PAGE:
317

NanoBRET™ assay quantitatively evaluates VEGF binding to the VEGFR2 in real-time in living cells

Kilpatrick LE (1) Friedman-Ohana R (2) Alcobia DC (1) Riching K (2) Peach CJ (1) Wheal AJ (1) Briddon SJ (1) Robers MB (2) Zimmerman K (2) Machleidt T (2) Wood KV (2) Woolard J (1) Hill SJ (1) (1) Division of Physiology, Pharmacology and Neuroscience, University of Nottingham, UK (2) Promega Corporation, Madison, WI, USA 01/2018
  • Novel labelling technique fluorescently labels VEGF for use in NanoBRET interaction studies
  • Assay acquires quantitative information on ligand-receptor interaction
  • PHERAstar® simultaneously detects luciferase and fluorophore signal for accelerated and kinetic reads

Table of contents

Introduction

Vascular endothelial growth factors (VEGF) are proteins that act as dimers to mediate angiogenesis by binding to their cellular receptors (VEGFR). Upon ligand binding VEGFRs dimerize and initiate a raft of signaling cascades via their intracellular tyrosine kinase domains. VEGFs and their receptors play a role in tumor vascularization and are major targets of anti-cancer therapies.


In order to characterize affinities of VEGF isoforms binding to VEGFR2, assays are required that quantitatively and kinetically report on these interactions.


A novel labeling technique stoichiometrically labels the VEGF family member VEGF165a with the fluorophore TMR. The modified ligand was used in conjunction with NanoLuciferase-coupled VEGFR2 (NLuc VEGFR2) in a cellular NanoBRET assay.

Picture of binding kinetics flyer

Also interesting for you

Learn which features help to easily resolve your binding events on a microplate reader.

Read more

Assay Principle

VEGF165a was expressed as a HaloTag fusion protein that upon secretion was captured on Halolink resin. The tag was proteolytically removed by HaloTEV and in the presence of 6-TMR-PEG-CBT resulting in the ligand labelled with TMR at a single N-terminal cysteine (Fig. 1A)

The binding of the VEGF165a-TMR homodimer to NLuc fused VEGFR2 was detected using BRET. Briefly, oxidation of the NLuc substrate furimazine produces energy which can be transferred from the bioluminescent donor (NLuc) to the acceptor flurophore (TMR) if the two proteins are in sufficiently close proximity (<10nm). Hence, the ratio of fluorophore to luciferase emission indicates interaction of fluorescent ligand with its cognate receptor (Fig 1B).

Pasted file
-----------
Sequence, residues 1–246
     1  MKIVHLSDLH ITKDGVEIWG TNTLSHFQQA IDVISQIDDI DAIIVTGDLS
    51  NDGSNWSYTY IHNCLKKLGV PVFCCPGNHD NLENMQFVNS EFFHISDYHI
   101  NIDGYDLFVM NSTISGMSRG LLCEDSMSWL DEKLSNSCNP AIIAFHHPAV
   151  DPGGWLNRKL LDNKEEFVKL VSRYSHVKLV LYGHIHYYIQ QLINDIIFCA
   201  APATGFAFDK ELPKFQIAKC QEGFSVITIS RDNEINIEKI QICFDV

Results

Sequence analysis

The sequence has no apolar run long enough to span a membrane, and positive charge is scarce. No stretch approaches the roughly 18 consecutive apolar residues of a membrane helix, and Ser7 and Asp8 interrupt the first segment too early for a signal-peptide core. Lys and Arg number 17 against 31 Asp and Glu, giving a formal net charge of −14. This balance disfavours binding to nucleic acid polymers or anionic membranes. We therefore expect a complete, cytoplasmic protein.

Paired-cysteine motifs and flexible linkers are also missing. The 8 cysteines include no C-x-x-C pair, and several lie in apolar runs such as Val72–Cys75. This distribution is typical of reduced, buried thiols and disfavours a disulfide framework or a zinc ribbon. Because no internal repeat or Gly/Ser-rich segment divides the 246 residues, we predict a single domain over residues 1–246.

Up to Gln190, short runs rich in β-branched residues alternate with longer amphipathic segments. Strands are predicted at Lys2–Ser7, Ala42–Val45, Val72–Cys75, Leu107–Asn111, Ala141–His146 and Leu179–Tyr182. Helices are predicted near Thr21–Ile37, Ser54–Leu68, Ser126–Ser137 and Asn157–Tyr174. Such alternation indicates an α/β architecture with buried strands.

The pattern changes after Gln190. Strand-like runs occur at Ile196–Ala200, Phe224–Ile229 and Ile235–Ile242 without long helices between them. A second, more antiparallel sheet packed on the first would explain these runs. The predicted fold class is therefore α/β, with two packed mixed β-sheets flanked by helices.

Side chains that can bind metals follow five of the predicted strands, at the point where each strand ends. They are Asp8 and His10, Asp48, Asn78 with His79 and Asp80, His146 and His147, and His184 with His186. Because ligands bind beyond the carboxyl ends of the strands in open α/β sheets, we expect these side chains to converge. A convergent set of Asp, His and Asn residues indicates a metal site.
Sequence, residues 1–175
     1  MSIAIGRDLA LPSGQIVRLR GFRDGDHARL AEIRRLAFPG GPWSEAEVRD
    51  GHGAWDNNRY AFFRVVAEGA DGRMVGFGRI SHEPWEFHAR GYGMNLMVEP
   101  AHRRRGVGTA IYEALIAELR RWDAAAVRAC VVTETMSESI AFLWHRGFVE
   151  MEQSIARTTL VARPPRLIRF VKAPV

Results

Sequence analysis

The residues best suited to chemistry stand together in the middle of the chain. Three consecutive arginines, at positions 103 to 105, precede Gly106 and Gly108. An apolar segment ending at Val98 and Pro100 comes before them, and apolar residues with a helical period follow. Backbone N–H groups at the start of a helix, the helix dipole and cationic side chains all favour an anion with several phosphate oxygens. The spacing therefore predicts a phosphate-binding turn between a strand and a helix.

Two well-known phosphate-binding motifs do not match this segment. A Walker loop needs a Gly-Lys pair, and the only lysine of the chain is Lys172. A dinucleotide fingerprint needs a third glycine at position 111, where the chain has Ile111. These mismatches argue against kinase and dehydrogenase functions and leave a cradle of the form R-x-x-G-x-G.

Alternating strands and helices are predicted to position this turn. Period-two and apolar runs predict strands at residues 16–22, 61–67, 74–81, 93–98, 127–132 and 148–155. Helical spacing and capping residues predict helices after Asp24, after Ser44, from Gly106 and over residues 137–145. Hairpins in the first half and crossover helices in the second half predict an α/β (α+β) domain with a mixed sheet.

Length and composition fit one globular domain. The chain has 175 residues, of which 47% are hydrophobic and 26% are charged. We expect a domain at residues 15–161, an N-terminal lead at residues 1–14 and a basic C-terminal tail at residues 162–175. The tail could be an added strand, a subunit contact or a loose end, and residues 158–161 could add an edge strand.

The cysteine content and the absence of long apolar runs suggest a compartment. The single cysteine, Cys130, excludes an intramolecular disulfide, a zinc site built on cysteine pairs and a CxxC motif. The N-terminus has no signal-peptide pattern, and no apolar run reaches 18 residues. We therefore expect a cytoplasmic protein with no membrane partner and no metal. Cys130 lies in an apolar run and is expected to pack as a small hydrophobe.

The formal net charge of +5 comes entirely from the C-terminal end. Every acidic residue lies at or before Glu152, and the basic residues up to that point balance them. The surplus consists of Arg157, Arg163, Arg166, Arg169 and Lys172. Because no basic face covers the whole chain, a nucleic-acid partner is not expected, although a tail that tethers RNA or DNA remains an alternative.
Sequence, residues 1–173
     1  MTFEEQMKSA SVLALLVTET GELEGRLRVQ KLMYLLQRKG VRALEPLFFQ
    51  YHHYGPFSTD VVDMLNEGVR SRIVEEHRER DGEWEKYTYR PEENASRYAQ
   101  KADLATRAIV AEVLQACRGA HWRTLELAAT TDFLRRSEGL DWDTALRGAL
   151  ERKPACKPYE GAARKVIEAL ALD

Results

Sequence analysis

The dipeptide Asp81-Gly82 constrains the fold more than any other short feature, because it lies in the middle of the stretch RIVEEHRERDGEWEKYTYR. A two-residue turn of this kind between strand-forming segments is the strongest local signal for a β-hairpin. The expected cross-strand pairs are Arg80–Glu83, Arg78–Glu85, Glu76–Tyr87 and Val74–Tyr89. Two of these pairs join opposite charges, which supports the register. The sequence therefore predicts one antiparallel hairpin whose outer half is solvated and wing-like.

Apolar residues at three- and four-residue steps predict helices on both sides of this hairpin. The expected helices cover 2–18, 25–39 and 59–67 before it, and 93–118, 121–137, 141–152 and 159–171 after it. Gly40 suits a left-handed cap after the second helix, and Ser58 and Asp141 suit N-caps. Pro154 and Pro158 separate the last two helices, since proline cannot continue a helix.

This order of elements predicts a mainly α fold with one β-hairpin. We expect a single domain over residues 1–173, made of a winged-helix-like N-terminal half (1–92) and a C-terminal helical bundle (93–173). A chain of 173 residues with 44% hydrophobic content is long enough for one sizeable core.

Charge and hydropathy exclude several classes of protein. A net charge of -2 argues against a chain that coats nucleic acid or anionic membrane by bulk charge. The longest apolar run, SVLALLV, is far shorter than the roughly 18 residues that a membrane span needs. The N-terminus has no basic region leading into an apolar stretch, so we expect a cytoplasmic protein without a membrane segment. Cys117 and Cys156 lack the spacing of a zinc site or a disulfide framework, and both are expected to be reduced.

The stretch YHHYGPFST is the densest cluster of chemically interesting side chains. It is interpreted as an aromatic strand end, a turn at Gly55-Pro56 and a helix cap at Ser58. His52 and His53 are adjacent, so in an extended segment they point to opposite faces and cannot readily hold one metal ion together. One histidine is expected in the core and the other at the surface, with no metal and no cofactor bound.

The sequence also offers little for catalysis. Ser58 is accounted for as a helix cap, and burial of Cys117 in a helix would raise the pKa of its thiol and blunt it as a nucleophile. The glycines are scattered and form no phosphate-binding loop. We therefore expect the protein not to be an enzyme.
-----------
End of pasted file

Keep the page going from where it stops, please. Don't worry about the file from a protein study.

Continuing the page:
Materials & Methods

  • White flat bottomed microplates (Greiner Bio-One #655098)
  • PHERAstar® FS
  • Furimazine (N1130, Promega Corporation)
  • HEK293 stably expressing NLuc-VEGFR2

 

Experimental procedure 
HEK293 cells expressing NLuc-VEGFR2 (40,000/well) were seeded 24 h prior to the experiment. Measurements were conducted in HBSS/0.1 % protease free BSA and with a furimazine concentration of 10 µM. Fluorescently labelled VEGF165-TMR, unlabelled VEGF165a, and Cediranib (an RTK inhibitor, 1 µM) were used at indicated concentrations and measurements were acquired with a PHERAstar FS microplate reader using the settings outlined below.


Instrument settings

 

Optic settings Luminescence, endpoint or plate mode kinetic, top optic
Optic module NanoBRET;
Em 1 460-80 (Nluc)
Em 2 LP610 (TMR)
Gain 2800 (Nluc)
3600 (TMR)
General settings Settling time 0.0 s
Measurement interval 1 s
Kinetic settings Number of cycles 33
Cycle time 30 s
Incubation Endpoint None
Kinetic 37 °C

 

 

Results & Discussion

The TMR-labelled VEGF165a was added in concentrations from 1-20 nM to NLuc-VEGFR2 expressing HEK293 cells to monitor ligand-receptor interaction by NanoBRET. The time course of BRET ratios obtained shown in Figure 2 reveals the increase in binding and equilibrium of binding 10 min after the start of the reaction.

Next, the ability of the assay to determine ligand binding affinities was tested by displacement of VEGF165a-TMR binding to VEGFR2 by unlabeled competing VEGF165a. The interaction between VEGF165a-TMR and VEGFR2 was impaired by increasing concentrations of the competing isoform as reported by loss of BRET signal (Fig. 3). The pKi for VEGF165a determined by BRET was 9.81.

The effect of the receptor tyrosine kinase inhibitor cediranib on VEGF165a-TMR binding to VEGFR2 was monitored for 2 h. In the absence of the inhibitor, ligand bound to VEGFR2 with a peak BRET signal obtained at approximately 15 min after ligand addition (Fig. 4, empty symbols). At later time points, the BRET signal reduced because of receptor internalization and subsequent complex dissociation. In contrast, in the presence of cediranib, high BRET ratios were observed that were sustained for the period of the experiment (2hr). This was due to cediranib preventing VEGFR2 internalisation, which was later confirmed by confocal and super-resolution imaging (Kilpatrick et al., 2017 (1), Figure 7a; data not included in this report). 

Conclusion

The novel method for single site labeling a ligand with a fluorophore has paved the way to use NanoBRET to quantify the molecular pharmacology of the anti-cancer target VEGFR2. The PHERAstar microplate reader reliably detected the luminescent and fluorescent signals produced. Simultaneous acquisition of both signals accelerates the reading of a plate and increases the temporal resolution.The combination of up-to-date assay and detection technology helps to better understand and target cancer-related biological events.


References

1. Kilpatrick LE et al. (2017) Biochem Pharmacol. Jul 15; 136:62-75. doi: 10.1016/j.bcp.2017.04.006

Совместимые ридеры